Be More Productive and Gain More YouTime

by Suzie on December 22, 2011 · 3 comments


Legal departments of all shapes and sizes strive to be more productive. While some professionals have an innate knack for getting things done, other very talented staff members may struggle with keeping on task. In today’s world of greater demands and lesser support staying on target can mean the difference between success and failure for a lawyer.

Fortunately, there are a few easy things anyone can do to be more productive and get more out of their time. The list below contains some common sense pointers for legal departments, and presents some practical tips for getting things done. In a nutshell: get organized and eliminate distractions.

  1. Daily To-Do List: Write a list of to-do items for the day and mark them off as you complete them.
  2. Prioritize Tasks: In general, complete tasks in this order: critical, time-sensitive; close-to-critical; hate-to-do; simple tasks; then all else.
  3. Don’t Multitask: Work on one project at a time and get it done.  Straying will cause you to lose your train of thought. When you come back to the project, you have to regroup yourself and that’s a waste of time.
  4. Annoying Notifications: Turn off all email, cell phone, texting, and other notifications, both sound and screen notifications.  These do nothing but distract you. As mentioned previously, set aside time to check these.
  5. Media Interruptions: Do not answer the phone, check email and texts, or anything other than the task at hand.  If necessary, shut your phone off. Set aside a separate time for these.
  6. Work Environment: Work in a place where you are least likely to be interrupted.  For example, if you work from home, you might need to go to a coffee shop or a library to get your work done.
  7. Preventive Techniques: Let others know that you are busy: close your office door; post Project in Progress sign on your door; set an email “out-of-office” alert indicating that you are unavailable (so that you don’t worry about not responding right away); inform clients of your work ethic and that you will always respond to them within 24 hours (or some other time frame) when they contact you
  8. Office Tools: Use your online Calendar so that you and others can keep track of your schedule and engage the notifications to remind you of important tasks, including breaks and meetings. Use other tools to better manage your cases, time, communications, and so much more.
  9. Refresh Breaks: Take short breaks after 45-60 minutes of work, especially on a computer, to refresh your mind, move your legs, and rest your eyes. Without breaks you could slow down due to mind-body fatigue or daydreaming. Get the blood flowing!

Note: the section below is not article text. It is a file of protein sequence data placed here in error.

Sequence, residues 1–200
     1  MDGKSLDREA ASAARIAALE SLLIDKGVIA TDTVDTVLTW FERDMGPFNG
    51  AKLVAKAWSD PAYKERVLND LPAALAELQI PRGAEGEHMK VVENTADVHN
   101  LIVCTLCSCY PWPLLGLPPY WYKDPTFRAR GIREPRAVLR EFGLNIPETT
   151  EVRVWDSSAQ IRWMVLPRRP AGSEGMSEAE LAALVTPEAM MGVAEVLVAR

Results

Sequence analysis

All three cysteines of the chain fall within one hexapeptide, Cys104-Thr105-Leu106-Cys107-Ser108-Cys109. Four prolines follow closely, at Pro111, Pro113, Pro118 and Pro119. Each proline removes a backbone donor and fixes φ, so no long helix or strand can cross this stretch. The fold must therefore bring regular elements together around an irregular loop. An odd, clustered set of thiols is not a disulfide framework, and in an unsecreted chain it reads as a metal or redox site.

Go to these articles for more information about how to be more productive.

There may be times where you cannot follow this list, but success can be found by sticking to it as much as possible. Once you begin following these tips, you should notice that you’re getting things done faster, better, and with time left to yourself at the end of the day.

What tips do you have for being more productive?

{ 3 comments… read them below or add one }

Worli wrote onDecember 22, 2011 at 5:22 pm

Nice post!
I very much agree with you with the point “Don’t Multitask”

Me going through the similar issues. Me trying to do many things at the same time and at the end of the day nothing seems to be achieved or complete. I need to change the way i work, and focus on one thing.


Suzie Suzie Easter wrote onDecember 27, 2011 at 8:31 pm

Thank you for replying! I’m so glad this sparked some comments. After a while these become second nature.


John Mereness wrote onDecember 22, 2011 at 1:16 pm

Mike Mintz did a fun pole:

Which Productivity Tip Do You Find Most Effective?
posted 1 hour ago • 1 vote

Daily To-Do List Don’t Multitask Refresh Breaks Eliminate Media Interruptions Vote

Daily To-Do List
1 (100%) « your vote
Don’t Multitask
0 (0%)
Refresh Breaks
0 (0%)
Eliminate Media Interruptions
0 (0%)

My response:

The To-Do list is most important as it is basically an organizer of “the work product” that needs done. As to Multitask – I am pretty good at it, though I am told no matter how good that a woman can still run circles around any man – as far as multitasking that is. As to Breaks, they have their place and at times just good to step aside (same concept goes that when writing something for the annual report or related – it may just be important enough to have others proof read). And, as far as Media Interruptions – I am a big believer in blocks of time and in law the work often demands hours to days of blocked time (personally, I cherish 5:00pm to 7:00pm – I know people that cherish 7:00am to 9:00am, though when I have tried I just get a whole office full of people drinking coffee and asking me what I did last evening, so like them I tend to leave this time to also get my day rolling).


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